Polish court acquits IKEA manager who fired employee for quoting the Bible in response to LGBT community event

By Grzegorz Adamczyk
3 Min Read

The manager of an IKEA store who stood accused of religious discrimination was acquitted on Friday by a Polish court.

Katarzyna N., the manager of the HR department for the IKEA store in Kraków, had been charged with restricting the rights of Janusz Komenda, an employee who was dismissed in May 2019 for posting Bible quotations on an internal forum in response to an article about the LGBT community.

The IKEA store had declared a “day of solidarity with LGBT persons,” an announcement to which the employee wrote: “The acceptance and promotion of homosexuality and other deviations is scandalous.”

Komenda later posted two biblical quotations: “He who lies with a man as with a woman commits an abomination; both will be put to death and their blood is upon them;” and “Woe to him through whom scandals come, it would be better for him to have a millstone tied around his neck and to plunge him in the depths of the sea.”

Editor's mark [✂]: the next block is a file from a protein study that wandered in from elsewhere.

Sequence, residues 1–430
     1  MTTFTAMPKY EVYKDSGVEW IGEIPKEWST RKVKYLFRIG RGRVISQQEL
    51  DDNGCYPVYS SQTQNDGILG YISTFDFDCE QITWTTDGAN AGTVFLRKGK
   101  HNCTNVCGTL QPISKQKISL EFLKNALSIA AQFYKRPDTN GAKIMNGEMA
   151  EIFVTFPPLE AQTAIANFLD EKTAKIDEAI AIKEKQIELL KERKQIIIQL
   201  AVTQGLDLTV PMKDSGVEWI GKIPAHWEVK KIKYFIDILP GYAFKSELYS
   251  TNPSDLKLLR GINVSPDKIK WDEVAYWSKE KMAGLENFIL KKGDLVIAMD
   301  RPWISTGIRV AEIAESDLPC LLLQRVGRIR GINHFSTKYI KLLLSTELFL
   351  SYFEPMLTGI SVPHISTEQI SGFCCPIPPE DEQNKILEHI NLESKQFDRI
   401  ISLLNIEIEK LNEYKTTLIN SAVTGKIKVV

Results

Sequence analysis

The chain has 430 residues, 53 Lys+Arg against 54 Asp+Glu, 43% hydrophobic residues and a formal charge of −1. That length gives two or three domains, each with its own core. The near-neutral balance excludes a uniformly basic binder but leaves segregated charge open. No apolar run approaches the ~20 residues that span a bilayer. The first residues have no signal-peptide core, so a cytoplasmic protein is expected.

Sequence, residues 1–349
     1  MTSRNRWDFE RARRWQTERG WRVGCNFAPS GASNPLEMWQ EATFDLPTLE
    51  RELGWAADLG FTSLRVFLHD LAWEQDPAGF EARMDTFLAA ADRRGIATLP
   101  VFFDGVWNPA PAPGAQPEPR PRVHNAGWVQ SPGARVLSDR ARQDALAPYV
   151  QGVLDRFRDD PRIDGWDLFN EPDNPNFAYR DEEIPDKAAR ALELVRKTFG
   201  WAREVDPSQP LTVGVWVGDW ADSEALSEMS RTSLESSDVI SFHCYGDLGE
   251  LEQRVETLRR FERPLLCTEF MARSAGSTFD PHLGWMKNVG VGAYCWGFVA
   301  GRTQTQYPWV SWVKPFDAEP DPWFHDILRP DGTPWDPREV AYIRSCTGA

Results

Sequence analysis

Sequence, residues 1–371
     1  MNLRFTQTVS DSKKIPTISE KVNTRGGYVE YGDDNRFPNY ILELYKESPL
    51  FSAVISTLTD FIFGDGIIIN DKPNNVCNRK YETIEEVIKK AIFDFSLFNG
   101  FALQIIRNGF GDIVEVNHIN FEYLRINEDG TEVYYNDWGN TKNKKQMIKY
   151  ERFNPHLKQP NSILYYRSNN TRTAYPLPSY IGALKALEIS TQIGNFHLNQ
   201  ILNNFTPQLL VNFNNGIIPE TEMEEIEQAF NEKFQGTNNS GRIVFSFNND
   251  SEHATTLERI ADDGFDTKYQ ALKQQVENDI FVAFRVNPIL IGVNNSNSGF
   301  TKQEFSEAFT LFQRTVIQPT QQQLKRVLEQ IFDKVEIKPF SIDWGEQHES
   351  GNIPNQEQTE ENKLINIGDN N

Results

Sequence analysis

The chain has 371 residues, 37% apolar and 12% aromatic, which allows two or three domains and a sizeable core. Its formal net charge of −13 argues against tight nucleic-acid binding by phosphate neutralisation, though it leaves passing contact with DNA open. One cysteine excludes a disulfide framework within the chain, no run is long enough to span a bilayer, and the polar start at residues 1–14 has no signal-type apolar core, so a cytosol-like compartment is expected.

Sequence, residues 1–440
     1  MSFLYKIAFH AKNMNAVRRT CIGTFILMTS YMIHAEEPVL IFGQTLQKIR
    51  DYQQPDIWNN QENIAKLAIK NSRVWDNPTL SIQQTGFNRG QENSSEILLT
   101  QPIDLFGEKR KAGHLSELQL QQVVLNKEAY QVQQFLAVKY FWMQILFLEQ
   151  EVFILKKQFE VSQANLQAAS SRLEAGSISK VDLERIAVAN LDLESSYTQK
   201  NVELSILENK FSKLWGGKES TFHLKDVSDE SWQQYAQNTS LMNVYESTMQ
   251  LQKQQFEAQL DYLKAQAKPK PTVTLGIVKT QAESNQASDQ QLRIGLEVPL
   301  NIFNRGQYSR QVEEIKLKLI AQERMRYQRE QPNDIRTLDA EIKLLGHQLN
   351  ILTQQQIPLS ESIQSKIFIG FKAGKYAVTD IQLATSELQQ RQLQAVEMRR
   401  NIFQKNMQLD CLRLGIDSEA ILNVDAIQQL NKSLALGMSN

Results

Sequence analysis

The employee was subsequently fired from his role with IKEA on the grounds of discriminating against the LGBT community. Komenda refused to accept his employer’s decision and decided to file a lawsuit against the IKEA HR manager who had fired him. The manager, Katarzyna N., was accused of restricting the rights of Janusz Komenda due to his religious affiliation.

Last week, a district court in Kraków acquitted Katarzyna N. of the charges. Her lawyer, Daniel Książek, informed that the “court did not have the slightest doubts” that the actions undertaken by his client, and therefore IKEA, were completely in accordance with the law.

“The employee had published a post whose content included two quotes taken out of context. It was also supported by a comment which, according to experts, could insult people from the LGBT+ environment,” Książek stated.

“The court clearly noted that the post did not reflect the Church’s teaching in this matter, as it considers the sphere of morality,” he added.

The prosecutor’s office has disagreed with the court’s verdict and announced an appeal. According to the spokeswoman of the Warsaw Praga District Prosecutor’s Office, the manager had violated the rights of an employee who held Catholic values and led to his dismissal due to her own prejudices.

The spokeswoman added that the man’s entries were not an attack against a particular coworker, but merely a response to the employer’s previous actions which promoted the LGBT ideology.

Janusz Komenda himself has been considering an appeal. He is represented by attorney Maciej Kryczka of the Ordo Iuris legal institute.

“I do not agree with this verdict. We will definitely file a motion for a written justification and most likely will appeal,” he said.

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